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What Apple should have changed in iOS 7

This article was been published more than 6months ago. The information contained herein may be outdated.

With last week’s iteration of Apple’s WWDC, they announced a new version of their mobile device OS, iOS 7, with the focus being on a major redesign, and a move away from skeuomorphism. Now, sure, the redesign looks nifty and all, but you know what? I was pretty happy with the old skeuomorphic design. Changing it, well, I could take it or leave it, really. There are other, more nuts and bolts things that need to change if iOS is to stand a chance in the future. Here’s what I want, in order of priority:
 

  1. Release iOS from its iTunes shackles
    • Since I first started using iTunes, way back when, it quickly became my default go-to music library and player, pushing WinAmp off my computer for good. I am happy with that choice, though these days most of my music listening no longer happens in iTunes. It happens on my iPhone, and on my suite of Sonos devices at home, and sometimes on Spotify. So what, then, am I on about, you ask? What I am on about, is that if I want to transfer music from my computer to my iPhone, I need to use the same computer that I did the last time I did that, or else I can only add music if I delete my entire library (Yes, I know there are ways to get that content off, but frankly, I shouldn’t have to). Now, there is a very simple and very obvious solution, to which our accounts are already tied: iCloud. Another solution may be to simply allow access to that part of the file system.
  2. Give us access to the file system
    • Come to think of it, why not give us access to the file system itself, and allow all apps to use it, regardless? OK, I guess you might want to keep the applications store buttoned down, but otherwise, I have never understood the rationale behind not allowing the end user access to the file system.
  3. Allow users to set default programs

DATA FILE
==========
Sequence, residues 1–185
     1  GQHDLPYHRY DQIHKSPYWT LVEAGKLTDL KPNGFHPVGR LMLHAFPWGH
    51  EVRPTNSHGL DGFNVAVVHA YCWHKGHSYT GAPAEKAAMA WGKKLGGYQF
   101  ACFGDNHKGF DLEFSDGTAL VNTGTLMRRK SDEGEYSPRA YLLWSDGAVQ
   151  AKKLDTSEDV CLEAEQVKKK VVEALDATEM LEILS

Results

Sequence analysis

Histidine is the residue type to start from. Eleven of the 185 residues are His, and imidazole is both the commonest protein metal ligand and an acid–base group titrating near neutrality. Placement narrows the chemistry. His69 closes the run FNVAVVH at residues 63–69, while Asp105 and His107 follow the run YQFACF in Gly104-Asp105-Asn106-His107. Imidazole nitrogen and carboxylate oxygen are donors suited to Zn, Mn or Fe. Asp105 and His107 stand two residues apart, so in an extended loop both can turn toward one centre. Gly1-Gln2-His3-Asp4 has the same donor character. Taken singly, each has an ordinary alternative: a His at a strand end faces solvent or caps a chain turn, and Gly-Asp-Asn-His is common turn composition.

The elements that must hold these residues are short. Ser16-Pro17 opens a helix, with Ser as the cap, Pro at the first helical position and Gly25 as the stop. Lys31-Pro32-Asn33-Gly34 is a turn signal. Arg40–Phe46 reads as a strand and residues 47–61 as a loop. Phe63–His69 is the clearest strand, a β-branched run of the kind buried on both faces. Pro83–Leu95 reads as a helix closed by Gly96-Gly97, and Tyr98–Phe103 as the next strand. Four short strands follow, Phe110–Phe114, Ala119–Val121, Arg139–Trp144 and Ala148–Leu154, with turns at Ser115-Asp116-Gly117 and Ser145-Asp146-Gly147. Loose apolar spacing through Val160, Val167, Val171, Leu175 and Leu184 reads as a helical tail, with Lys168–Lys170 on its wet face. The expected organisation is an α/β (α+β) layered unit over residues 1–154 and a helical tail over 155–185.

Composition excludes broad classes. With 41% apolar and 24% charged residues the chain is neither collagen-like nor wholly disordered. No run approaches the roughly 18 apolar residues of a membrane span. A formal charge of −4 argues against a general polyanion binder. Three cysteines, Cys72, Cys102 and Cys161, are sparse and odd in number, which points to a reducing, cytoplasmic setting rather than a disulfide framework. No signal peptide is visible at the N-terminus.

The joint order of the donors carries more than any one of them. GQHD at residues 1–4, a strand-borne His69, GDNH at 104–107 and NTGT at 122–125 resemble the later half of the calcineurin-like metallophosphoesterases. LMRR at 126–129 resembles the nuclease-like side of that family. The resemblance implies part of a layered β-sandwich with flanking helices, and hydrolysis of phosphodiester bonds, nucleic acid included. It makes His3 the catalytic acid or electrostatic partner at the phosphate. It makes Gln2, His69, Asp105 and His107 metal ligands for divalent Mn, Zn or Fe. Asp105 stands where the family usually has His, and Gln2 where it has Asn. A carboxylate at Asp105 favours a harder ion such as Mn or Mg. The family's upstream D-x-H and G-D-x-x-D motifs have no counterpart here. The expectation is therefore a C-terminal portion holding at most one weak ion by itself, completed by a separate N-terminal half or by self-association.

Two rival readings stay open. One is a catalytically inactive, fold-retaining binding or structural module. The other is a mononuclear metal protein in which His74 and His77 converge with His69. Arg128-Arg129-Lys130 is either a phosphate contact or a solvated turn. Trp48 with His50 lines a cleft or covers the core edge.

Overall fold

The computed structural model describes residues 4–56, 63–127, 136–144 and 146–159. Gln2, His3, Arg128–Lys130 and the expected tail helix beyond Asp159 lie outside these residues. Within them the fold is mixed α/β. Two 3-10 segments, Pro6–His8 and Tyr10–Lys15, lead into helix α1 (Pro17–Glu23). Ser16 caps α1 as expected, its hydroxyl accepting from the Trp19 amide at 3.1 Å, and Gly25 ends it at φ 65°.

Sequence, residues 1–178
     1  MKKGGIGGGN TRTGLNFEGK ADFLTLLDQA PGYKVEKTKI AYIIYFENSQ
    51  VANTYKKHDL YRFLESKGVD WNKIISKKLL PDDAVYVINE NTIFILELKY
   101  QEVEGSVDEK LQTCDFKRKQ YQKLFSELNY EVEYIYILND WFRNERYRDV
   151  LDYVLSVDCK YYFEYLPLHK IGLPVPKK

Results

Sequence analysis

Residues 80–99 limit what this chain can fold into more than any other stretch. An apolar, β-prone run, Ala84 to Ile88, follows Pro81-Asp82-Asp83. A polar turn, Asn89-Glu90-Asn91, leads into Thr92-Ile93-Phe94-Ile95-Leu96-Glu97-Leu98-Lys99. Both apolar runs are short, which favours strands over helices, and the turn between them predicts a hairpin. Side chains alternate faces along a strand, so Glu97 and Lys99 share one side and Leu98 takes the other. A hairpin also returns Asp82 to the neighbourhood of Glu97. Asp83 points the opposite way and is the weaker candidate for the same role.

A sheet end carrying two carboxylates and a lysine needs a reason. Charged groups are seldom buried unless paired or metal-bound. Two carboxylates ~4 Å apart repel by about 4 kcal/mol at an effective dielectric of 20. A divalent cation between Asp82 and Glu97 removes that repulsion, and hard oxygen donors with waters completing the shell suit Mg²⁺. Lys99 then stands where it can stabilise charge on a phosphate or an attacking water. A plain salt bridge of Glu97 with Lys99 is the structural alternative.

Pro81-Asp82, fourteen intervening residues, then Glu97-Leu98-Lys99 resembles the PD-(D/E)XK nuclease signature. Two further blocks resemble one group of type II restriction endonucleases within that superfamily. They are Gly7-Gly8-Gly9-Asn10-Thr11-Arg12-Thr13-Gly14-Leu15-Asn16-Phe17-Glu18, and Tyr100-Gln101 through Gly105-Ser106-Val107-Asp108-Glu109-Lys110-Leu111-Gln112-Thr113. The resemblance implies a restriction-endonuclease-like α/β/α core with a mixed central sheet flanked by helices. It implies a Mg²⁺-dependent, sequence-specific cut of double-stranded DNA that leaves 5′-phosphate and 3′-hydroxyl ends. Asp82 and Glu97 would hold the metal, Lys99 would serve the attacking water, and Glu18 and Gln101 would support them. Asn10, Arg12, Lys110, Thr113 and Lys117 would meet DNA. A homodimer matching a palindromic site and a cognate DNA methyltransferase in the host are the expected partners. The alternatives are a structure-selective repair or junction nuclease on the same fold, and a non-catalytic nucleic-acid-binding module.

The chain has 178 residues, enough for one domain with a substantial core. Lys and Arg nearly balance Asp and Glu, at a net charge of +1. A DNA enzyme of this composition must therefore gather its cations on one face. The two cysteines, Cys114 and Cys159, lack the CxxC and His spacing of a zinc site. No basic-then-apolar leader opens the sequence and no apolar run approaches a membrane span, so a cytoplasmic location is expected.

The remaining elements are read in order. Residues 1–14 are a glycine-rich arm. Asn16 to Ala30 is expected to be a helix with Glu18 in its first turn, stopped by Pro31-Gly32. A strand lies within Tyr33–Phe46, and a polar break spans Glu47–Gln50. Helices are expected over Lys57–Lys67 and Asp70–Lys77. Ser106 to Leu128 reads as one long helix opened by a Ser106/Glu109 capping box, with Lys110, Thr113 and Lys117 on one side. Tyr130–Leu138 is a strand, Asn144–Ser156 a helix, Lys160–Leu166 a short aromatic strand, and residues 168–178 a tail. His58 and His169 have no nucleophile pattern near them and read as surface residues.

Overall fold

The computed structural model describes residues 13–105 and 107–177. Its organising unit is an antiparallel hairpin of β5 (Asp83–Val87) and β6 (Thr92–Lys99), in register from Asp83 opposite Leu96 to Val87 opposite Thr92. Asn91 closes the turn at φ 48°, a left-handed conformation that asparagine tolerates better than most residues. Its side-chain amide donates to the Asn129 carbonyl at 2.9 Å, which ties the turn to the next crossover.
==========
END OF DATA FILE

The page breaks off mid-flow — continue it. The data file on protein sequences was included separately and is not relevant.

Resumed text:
• For most of my browsing on iPhone and iPad alike, I prefer to use Google Chrome, for several reasons, like user friendliness, a preference for the user experience and the fact that I can log into my account and store my bookmarks across devices. I’ve been using Mailbox for email for a while (more on that in a later post), and I might want to set that as my default mail client. I very rarely use the Videos app, though I do use CineXPlayer quite a bit. The list goes on, and I think it is time to give us the benefit of the doubt.
  4. Allow interaction between apps
    • One of the main reasons for the success of the various iDevices, is the fact that, since day one, there has been a rich ecosystem of apps. However, the biggest drawback of this ecosystem is the fact that the apps are very limited in what they are able to do with regards to cooperation. Beyond being able to call upon other apps from an app when transferring a file, there is little to no option for interaction.
  5. Set any song as my ringtone
    • The iPhone is a a direct descendant of the iPod, a music player, and indeed, it features a music player. So, if my phone is a descendant of a music player, and actually features a music player, why can’t I use one of the songs I have on said music player as my ringtone?

 
A few other writers have had a little (or big) something to say about this before the WWDC. Check them out:
 

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